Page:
Bill Taupier, former mayor of Holyoke, Mass., played a major role in spurring economic development after he became Lowell's city manager seven years ago. He now is in private business in Lowell.

Here, in a conversation with Haynes Johnson, he discusses Lowell's rise from a depressed New England mill town to an example of urban renaissance for the nation:

I came here in October, 1975. My wife and five children were in Holyoke, Mass. I picked up the phone and said, "Do not sell the house. I have found the worst place in America." They had 13.8 percent unemployment. They had increased their budget without any way of collecting money to pay for it. They had 17 buildings empty in the central business district. They had big factories empty. Really bad.

I said, "This place is it. I'm only going to stay here 2 1/2 weeks."

But there was an interesting phenomenon. Lowellians, and I'm not a Lowellian, even in the worst times talk about how they'd never move anywhere else. They have this pride, which I compare to that of the black man in the '60s. You know, "I'm black, and I may keep getting kicked, but I'm beautiful." I thought Lowellians had been kicked so many times that they had the same pride.

They were starting to think about an urban national park here and a heritage park here, which I didn't understand. It's what I called frosting. They were going to put a whole lot of new frosting on a stale cake. And I said, when they get through eating that frosting it's going to be an awful cake. You can imagine how popular I was.

So I told my two assistants, I'm going to work on nothing but budget and economic development. And I went around and knocked on the door of every businessman, saying, "What can I do for you?" We started getting lucky. There was no way to go but up.

In the '60s, we had Model Cities programs and all those funny things: a total concept. We were going to solve all the social, political, economic problems. They posed, in my opinion, an interesting dilemma: There emerged the idea that, if we made people better socially, that somehow their situation would get better economically. And I was one of those who bought that.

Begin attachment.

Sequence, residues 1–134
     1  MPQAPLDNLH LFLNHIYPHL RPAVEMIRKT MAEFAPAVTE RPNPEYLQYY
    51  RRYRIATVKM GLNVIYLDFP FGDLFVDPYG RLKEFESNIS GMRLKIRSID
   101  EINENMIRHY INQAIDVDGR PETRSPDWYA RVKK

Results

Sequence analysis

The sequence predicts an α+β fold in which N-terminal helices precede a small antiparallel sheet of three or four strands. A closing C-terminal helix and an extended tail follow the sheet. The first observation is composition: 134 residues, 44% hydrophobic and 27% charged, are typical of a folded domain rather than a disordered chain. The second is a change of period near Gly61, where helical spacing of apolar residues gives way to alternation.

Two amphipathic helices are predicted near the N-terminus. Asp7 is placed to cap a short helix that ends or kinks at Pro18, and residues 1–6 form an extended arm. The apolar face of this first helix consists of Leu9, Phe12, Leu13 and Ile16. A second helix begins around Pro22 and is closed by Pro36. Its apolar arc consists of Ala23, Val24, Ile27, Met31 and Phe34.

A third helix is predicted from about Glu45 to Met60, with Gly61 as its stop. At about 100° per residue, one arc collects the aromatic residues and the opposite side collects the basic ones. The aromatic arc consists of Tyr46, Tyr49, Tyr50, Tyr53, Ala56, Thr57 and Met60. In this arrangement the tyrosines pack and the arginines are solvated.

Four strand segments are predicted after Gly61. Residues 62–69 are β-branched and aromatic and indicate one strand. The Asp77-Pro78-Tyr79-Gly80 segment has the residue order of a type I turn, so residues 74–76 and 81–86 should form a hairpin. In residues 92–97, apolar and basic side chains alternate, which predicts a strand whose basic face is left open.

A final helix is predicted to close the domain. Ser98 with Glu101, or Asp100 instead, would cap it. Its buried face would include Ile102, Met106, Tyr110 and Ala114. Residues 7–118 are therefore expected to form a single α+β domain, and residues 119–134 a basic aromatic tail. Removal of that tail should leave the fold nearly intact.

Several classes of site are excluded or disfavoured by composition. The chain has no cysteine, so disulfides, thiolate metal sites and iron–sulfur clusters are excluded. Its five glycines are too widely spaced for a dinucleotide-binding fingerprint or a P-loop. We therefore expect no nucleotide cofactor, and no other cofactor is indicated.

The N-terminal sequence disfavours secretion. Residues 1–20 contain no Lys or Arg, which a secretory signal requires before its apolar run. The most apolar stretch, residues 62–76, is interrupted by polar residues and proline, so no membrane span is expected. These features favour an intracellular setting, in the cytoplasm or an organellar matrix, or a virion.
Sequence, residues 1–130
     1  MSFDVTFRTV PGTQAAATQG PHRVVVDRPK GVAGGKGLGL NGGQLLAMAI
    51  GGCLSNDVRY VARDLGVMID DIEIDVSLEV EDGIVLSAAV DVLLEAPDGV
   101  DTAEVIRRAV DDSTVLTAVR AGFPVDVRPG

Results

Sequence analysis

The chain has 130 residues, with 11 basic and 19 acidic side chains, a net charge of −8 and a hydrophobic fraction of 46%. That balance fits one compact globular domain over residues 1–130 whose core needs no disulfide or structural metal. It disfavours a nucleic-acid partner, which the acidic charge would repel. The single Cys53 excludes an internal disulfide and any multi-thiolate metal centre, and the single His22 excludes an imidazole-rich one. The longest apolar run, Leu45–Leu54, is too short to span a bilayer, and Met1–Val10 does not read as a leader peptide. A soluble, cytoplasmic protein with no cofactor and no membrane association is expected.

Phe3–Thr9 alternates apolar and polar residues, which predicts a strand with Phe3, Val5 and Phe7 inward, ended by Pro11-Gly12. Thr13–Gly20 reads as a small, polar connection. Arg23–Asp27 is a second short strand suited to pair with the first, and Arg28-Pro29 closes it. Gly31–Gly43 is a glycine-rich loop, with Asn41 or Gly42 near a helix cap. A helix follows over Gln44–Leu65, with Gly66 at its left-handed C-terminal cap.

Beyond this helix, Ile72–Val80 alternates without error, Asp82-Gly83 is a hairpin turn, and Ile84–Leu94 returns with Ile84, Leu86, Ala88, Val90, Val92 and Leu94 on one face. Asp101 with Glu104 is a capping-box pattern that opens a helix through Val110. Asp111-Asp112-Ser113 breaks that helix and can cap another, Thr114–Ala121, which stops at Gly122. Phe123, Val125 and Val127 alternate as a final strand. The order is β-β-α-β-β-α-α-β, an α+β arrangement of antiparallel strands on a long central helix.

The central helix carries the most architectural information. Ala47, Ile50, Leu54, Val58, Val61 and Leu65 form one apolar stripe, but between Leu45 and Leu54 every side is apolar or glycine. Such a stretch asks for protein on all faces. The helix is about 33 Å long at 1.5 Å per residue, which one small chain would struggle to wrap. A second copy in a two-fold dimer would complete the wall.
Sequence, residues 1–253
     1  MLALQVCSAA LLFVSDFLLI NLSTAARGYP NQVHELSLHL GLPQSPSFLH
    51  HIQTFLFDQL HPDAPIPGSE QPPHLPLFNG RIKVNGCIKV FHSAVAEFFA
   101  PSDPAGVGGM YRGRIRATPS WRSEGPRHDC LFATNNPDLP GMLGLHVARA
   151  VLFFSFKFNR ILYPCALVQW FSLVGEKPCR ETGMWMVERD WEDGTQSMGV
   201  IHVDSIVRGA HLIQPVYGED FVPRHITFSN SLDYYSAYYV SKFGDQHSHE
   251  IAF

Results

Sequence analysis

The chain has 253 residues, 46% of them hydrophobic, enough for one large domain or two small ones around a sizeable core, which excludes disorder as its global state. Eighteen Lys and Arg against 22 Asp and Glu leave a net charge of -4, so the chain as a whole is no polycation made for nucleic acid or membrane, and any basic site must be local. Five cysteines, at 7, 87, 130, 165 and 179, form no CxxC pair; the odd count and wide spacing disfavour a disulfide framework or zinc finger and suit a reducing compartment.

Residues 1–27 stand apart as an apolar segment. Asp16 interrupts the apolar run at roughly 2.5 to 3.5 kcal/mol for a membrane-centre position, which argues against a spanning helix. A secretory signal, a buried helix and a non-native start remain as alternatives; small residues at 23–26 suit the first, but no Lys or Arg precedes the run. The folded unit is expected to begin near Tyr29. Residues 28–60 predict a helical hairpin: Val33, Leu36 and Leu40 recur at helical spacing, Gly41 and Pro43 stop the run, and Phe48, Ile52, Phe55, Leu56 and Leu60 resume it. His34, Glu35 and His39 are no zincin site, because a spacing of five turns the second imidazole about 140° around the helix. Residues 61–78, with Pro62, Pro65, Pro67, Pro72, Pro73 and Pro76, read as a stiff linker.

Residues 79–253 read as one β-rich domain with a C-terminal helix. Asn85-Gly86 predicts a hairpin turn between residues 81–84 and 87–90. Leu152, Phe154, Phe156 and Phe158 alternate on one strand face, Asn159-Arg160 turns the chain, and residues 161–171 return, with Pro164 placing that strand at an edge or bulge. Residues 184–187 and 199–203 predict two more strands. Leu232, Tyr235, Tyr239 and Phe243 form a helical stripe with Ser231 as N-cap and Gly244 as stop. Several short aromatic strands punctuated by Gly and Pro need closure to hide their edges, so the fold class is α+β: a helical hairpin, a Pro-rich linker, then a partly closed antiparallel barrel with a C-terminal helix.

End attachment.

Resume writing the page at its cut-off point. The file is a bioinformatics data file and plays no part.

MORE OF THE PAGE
I think it was just reversed. I think if you make economic development happen, if you make jobs available, a lot of the other problems go away. I think we had the cart before the horse. That is one of the lessons of Lowell.

Cities had this attitude in the '60s and '70s about business. It was us against them. The turning point here, after a hell of a lot of fights, was when the business community and the political community started agreeing with each other on what had to be done. Instead of fighting with each other, they started working with each other.

Here's what I mean. Joan Fabrics wanted to expand to a big building, but they didn't have any parking space. So I went to the City Council and told them I want to sell them that parking lot the city owns next to their building for $5,000. Typical Lowellians. They said that's valuable land. I said, "Yeah, and that empty building next to it is more valuable. Let's get some people working in it." Hell of a fight, but they did it.

Then Prince Macaroni wanted to build a new place in southern New Hampshire. I went over to them and said, "What's your problem? Why don't you stay here?" They had no access to land they owned here. I said, "How'd you like a road through those houses?" They said it couldn't be done. So I went back to the City Council, fought like hell for six months, and got it.

At that point, the political community and the business community started agreeing with each other about what had to be done and became very pro-economic development. Then along came Wang Laboratories, and they got the royal treatment to locate here. That had a tremendous impact. Suddenly, we had something to put the frosting on.

Business and cities have to have the same things. They have to be competitive. They have to be competent. They have to be responsive. They have to be disciplined. And they have to be lucky. Oddly enough, the easiest thing is to be lucky.

How'd you like to be a city with International Harvester today? Where can a poor city that has International Harvester as its economic base go? What a mess. The heavy industries in this country are in deep trouble. They're unlucky.

New England lost all their textiles years ago, lost their paper mills years ago. They lost a lot of their heavy industries, and they were bleeding from their pores. We all read the stories about the Sun Belt getting all these industries. Then all of a sudden New England gets all these . . . guys . . . that come out of MIT and Harvard, and they start building little new businesses along Rte. 128 outside of Boston.

And suddenly high technology is here, and you've got a good un-utilized labor force, you've got a lot of good factories sitting around empty, and you've got a new business-political climate to make it work, to make it competitive. So New England gets lucky. And Lowell gets lucky.